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This issues-based, inquiry-driven biology book provides learners with the ability and desire to take an active and academic interest in the science issues they will regularly face in life. A five-part organization covers general principles in biology, genetics, evolution, human health, and humans and the environment. For an in-depth understanding of compelling contemporary topics--along with the biology that permeates these issues.
Table of Contents
|Can Science Cure the Common Cold?|
|Introduction to the Scientific Method|
|Chemistry and Cells|
|Are We Alone in the Universe?|
|Water, Biochemistry, and Cells|
|The Only Diet You Will Ever Need|
|Is the Earth Warming?|
|The Greenhouse Effect, Cellular Respiration, and Photosynthesis|
|DNA Synthesis, Mitosis, and Meiosis|
|Are You Only as Smart as Your Genes?|
|Mendelian and Quantitative Genetics|
|Extensions of Mendelism, Sex Linkage, Pedigree Analysis, and DNA Fingerprinting|
|Transcription, Translation, and Genetically Modified Organisms|
|Where Did We Come From?|
|The Evidence for Evolution|
|An Evolving Enemy|
|Who Am I?|
|Species and Races|
|Prospecting for Biological Gold|
|Biodiversity and Classification|
|Is the Human Population Too Large?|
|Is Earth Experiencing a Biodiversity Crisis?|
|Community Ecology, Ecosystem Ecology, and Conservation Biology|
|Where Do You Live?|
|Climate and Biomes|
|Table of Contents provided by Publisher. All Rights Reserved.|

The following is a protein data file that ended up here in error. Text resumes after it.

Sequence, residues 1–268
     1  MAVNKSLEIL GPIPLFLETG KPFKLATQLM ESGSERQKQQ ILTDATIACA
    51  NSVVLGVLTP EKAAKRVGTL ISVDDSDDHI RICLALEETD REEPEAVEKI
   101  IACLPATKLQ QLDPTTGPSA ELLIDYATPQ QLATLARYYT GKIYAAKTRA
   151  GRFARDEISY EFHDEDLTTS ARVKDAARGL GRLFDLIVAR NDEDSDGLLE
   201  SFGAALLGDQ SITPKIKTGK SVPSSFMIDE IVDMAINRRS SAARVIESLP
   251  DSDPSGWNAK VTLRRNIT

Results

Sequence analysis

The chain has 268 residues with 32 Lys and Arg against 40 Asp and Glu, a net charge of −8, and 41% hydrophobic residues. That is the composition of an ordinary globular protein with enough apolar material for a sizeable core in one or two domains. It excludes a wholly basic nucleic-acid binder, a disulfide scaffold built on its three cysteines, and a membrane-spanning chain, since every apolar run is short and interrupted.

To the Student As you worked your way through high school, or otherwise worked to prepare yourself for college, you were probably unaware that an information explosion was taking place in the field of biology. This explosion, brought on by advances in biotechnology and communicated by faster, more powerful computers, has allowed scientists to gather data more quickly and disseminate data to colleagues in the global scientific community with the click of a mouse. Every discipline of biology has benefited from these advances, and today's scientists collectively know more than any individual could ever hope to understand. Paradoxically, as it becomes more and more difficult to synthesize huge amounts of information from disparate disciplines within the broad field of biology, it becomes more vital that we do so. The very same technologies that led to the information boom, coupled with expanding human populations, present us with complex ethical questions. These questions include whether or not it is acceptable to clone humans, when human life begins and ends, who owns living organisms, what our responsibilities toward endangered species are, and many more. No amount of conceptual understanding alone will provide satisfactory answers to these questions. Addressing these kinds of questions requires the development of a scientific literacy that surpasses the rote memorization of facts. To make decisions that are individually, socially, and ecologically responsible, you must not only understand some fundamental principles of biology but also be able to use this knowledge as a tool to help you analyze ethical and moral issues involving biology. To help you understand biology and apply your knowledge to an ever-expanding suite of issues, we have structured each chapter ofBiology: Science for Lifearound a compelling story in which biology plays an integral role. Through the story you will not only learn the relevant biological principles but you will also see how science can be used to help answer complex questions. As you learn to apply the strategies modeled by the text, you will begin developing your critical thinking skills. By the time you have read the last chapter, you should have a clear understanding of many important biological principles. You will also be able to think like a scientist and critically evaluate which information is most reliable instead of simply accepting all the information you read in the paper or hear on the radio or television. Even though you may not be planning to be a practicing biologist, well-developed critical thinking skills will enable you to make decisions that affect your own life, such as whether or not to take nutritional supplements, and decisions that affect the lives of others, such as whether or not to believe the DNA evidence presented to you as a juror in a criminal case. It is our sincere hope that understanding how biology applies to important personal, social, and ecological issues will convince you to stay informed about such issues. On the job, in your community, at the doctor's office, in the voting booth, and at home reading the paper, your knowledge of the basic biology underlying so many of the challenges that we as individuals and as a society face will enable you to make well-informed decisions for your home, your nation, and your world. To the Instructor Colleen Belk and Virginia Bordenhave collaborated on teaching the nonmajors biology course at the University of Minnesota-Duluth for over a decade. This collaboration has been enhanced by their differing but complementary areas of expertise. In addition to the nonmajors course, Colleen Belk teaches General Biology for majors, Genetics, Cell Biology, and Molecular Biology courses. Virginia Borden teaches General Biology for majors, Evolutionary Biology, Plant Biology, Ecology, and Conservation Biology courses. After several somewhat painful attempts at teachin